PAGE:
Wednesday, December 7, 2011

Lessons from Skyrim

My apologies for being a little quiet on the blog front lately. I should reassure those eagerly awaiting the release of The Shattered War that I have actually been putting some time into modding. It is time, however, to take a closer look at some aspects of design of the recent success that is Skyrim, and look at those things that did and did not work. In this post, I'll examine some of the design issues that other games can learn from.

Art Design aka "It's not all about tech"
There is no denying that Skyrim is a beautiful game. People are taking time lapse "photography" of the game because it simply looks that good. Now, while many will attribute this to the "graphics", which is the technical wizardry behind the graphics, this isn't why the game is so jaw-dropping. Compare it to Crysis 2, which technically is a gorgeous game, but from a design point of view there weren't a lot of those moments where you just stopped and went "Wow, that's gorgeous." Skyrim, despite not having all the bells and whistles of the best Anti-aliasing, shader effects, glorious reflections and refractions, real-time realistic shadows, DX11 tesselation, or the myriad of other features offered in some technically superior games, simply looks attractive. It doesn't have the highest resolution textures or the best level of detail distance gradient handling, but it just downright looks good.

The reason Skyrim looks so good is because of the effort made to create a beautiful world where there are particular artistic styles and themes throughout. The terrain covers alpine forests, rolling hills, badlands, swamps, rivers cutting through chasms, ice floes... there are so many different types of terrain but each presents a cohesive visual style and this is supported by the flora, animals, weather and even enemies that you encounter in those areas. This applies to the interiors as well, each of which adhere to a consistent style, but have their own unique elements. The Dwemer ruins in particular have some absolutely spectacular scenery; it's likely that you've never seen dwarven ruins that look this good in any medium.

It's a long way down...

Level Design
The aesthetics of level design are not the only aspects that should be credited here, but also the functional aspects of levels. Interiors, in particular is an area where levels have typically been designed very well. Backtracking is a problem that results in tedious gameplay of passing over empty areas when you force the player into an area within one way in and out. The obvious means to solve this problem is to have an exit when the player reaches the end, though this the designers must mean that this cannot be an alternate entrance to the area that an adventurous player could potentially find and short-circuit the entire dungeon. Skyrim does manage to do this, and it is quite effective.

Perhaps even more impressive and interesting is the manner in which many dungeons are created with only a single entrance/exit, but are created as a closed loop. The player follows a set path to reach the final boss/treasure room, but continuing after this will result in the player looping back to a location very near to the entrance of the interior. Even more successful is that this is done in a variety of ways, so it doesn't ever feel particularly stale or overly contrived. The "exit path" joins is blocked off from the entrance path by a number of ways: sometimes a barred door or unopenable gate, sometimes a secret door, other times a high ledge that is impossible for the player to reach. This loop system, in conjunction with areas that do have a separate entrance and exit, means that design of interior levels is both interesting and functional.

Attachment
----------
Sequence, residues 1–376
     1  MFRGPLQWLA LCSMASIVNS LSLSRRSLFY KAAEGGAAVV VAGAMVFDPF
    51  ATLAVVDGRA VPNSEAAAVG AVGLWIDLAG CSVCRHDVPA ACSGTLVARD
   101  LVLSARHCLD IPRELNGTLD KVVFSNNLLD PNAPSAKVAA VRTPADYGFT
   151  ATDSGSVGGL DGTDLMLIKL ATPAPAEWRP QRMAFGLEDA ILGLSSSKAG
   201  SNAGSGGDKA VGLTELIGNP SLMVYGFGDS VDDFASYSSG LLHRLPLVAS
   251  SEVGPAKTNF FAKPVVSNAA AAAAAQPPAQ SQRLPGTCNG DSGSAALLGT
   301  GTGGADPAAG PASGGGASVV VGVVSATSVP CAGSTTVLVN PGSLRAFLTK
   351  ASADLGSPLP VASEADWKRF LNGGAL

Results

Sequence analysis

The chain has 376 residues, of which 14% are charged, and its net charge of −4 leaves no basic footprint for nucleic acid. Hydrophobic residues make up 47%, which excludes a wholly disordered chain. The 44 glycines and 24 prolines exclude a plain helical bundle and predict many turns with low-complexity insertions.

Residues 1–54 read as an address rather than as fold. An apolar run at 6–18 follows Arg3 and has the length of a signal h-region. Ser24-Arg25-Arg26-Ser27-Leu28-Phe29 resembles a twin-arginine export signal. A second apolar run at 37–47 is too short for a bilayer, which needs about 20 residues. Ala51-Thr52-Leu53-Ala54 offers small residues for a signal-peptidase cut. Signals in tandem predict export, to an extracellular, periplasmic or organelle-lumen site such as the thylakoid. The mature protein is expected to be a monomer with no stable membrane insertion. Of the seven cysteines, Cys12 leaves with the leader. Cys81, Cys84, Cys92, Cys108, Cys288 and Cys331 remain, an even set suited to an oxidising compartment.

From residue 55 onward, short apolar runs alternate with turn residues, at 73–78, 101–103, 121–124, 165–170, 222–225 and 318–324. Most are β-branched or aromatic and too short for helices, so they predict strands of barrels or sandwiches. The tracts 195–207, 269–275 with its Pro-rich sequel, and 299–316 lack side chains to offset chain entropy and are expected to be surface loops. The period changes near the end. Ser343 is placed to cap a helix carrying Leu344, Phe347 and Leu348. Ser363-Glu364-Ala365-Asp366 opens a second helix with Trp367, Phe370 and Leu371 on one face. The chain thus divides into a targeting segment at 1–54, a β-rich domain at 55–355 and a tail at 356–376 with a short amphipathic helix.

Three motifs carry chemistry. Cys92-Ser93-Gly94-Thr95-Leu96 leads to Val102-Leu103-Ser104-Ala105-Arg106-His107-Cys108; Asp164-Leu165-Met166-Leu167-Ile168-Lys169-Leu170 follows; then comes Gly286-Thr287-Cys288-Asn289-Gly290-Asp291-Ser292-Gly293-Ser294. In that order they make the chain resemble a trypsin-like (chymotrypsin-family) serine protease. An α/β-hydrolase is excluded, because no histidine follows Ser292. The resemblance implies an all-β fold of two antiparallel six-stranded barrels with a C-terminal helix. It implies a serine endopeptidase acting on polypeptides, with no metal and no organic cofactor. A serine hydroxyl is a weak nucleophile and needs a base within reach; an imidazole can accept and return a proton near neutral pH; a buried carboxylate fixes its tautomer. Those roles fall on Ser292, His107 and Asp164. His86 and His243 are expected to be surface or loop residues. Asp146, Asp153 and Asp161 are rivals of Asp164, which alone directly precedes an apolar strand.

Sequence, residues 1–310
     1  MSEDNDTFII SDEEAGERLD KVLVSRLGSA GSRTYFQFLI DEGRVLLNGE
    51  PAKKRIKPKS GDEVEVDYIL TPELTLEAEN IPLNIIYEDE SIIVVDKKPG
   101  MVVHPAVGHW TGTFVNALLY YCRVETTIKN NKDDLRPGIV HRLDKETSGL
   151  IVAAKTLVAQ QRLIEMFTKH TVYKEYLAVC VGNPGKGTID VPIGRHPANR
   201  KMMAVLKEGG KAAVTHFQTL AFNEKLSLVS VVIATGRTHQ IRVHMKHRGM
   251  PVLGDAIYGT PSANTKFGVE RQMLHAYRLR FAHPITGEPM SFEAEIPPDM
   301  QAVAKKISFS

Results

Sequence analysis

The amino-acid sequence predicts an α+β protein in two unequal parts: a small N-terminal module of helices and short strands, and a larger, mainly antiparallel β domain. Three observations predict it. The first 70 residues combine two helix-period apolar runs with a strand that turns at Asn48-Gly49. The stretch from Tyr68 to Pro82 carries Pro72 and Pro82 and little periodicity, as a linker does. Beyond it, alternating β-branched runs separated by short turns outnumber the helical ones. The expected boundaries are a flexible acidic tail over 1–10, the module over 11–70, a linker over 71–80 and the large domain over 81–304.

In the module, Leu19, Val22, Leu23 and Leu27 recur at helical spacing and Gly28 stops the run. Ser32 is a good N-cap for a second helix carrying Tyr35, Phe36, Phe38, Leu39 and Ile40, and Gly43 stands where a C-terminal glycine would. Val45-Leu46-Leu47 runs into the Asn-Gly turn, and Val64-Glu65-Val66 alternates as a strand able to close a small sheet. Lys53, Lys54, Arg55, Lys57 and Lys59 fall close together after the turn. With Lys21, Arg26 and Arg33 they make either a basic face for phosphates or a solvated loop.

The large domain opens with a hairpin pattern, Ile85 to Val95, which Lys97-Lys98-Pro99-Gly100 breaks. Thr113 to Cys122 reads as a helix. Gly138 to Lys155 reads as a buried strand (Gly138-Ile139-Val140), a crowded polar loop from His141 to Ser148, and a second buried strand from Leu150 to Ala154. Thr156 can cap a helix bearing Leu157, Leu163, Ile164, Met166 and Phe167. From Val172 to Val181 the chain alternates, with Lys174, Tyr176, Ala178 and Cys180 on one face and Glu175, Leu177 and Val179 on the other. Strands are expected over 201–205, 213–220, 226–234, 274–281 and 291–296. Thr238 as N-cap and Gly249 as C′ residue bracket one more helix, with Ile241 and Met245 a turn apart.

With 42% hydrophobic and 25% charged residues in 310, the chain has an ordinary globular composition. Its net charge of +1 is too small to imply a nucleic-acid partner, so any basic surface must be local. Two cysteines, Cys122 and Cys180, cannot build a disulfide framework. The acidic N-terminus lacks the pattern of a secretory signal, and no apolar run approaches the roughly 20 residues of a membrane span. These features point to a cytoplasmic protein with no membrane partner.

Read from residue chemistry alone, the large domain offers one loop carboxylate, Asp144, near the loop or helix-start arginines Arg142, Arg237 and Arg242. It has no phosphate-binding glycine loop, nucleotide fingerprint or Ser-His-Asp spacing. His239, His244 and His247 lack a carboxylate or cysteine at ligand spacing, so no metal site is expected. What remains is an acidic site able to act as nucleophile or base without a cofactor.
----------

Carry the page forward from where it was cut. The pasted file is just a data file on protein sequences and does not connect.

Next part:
This is the entrance to a cave, and that ledge is shortly after the final room

Skyrim shows how puzzles in games can be done really well. These puzzles aren't minigames. They aren't alternative game mechanics. They're elements within the gameworld that are integrated in a fashion to present the player with a simple mental/visual challenge in order to proceed. Fairly early on in the game, you'll likely stumble across a door with three rings with symbols open them, which can apparently be opened by a claw. While this initially might seem like an issue of trial and error, you'll quickly learn that the claw holds the key to the correct sequence of symbols. This puzzle becomes trivial once you know the solution, but it's a near seamless way to include puzzles into the game.

Traps are visible and possible to avoid if you as the player are attentive, as opposed to a random die roll that determines whether your character can see them. While this isn't new, the traps are such that you actually do care about them because they can do a lot of damage or kill you outright, but also because you can quite easily use them to destroy unwitting enemies. This is a refreshing change from things like the paltry shotgun traps of Fallout 3 that were really of little consequence except for providing you with repair fodder/ammo.

There are symbol alignment/placement puzzles and lever switching puzzles that are also fairly easy to solve for the attentive and/or logical player, but the real joy is that you feel like you're interacting with the environment itself. There's no BioShock pipemania, no Mass Effect 1 Simon, no Alpha Protocol "findaword". It's simply a matter of observing the gameworld and interacting with it directly. It almost feels like a pity that the lockpicking mechanic is akin to those from Fallout, for this pulls you out of the gameworld in a way that the puzzles do not.

Symbols to align before I can pull the level to open the gate

Now, while these are aspects of Skyrim that I thought deserve a positive mention, there are some places where Bethesda still come up a little short. I'll be looking at a few of those areas in my next post.

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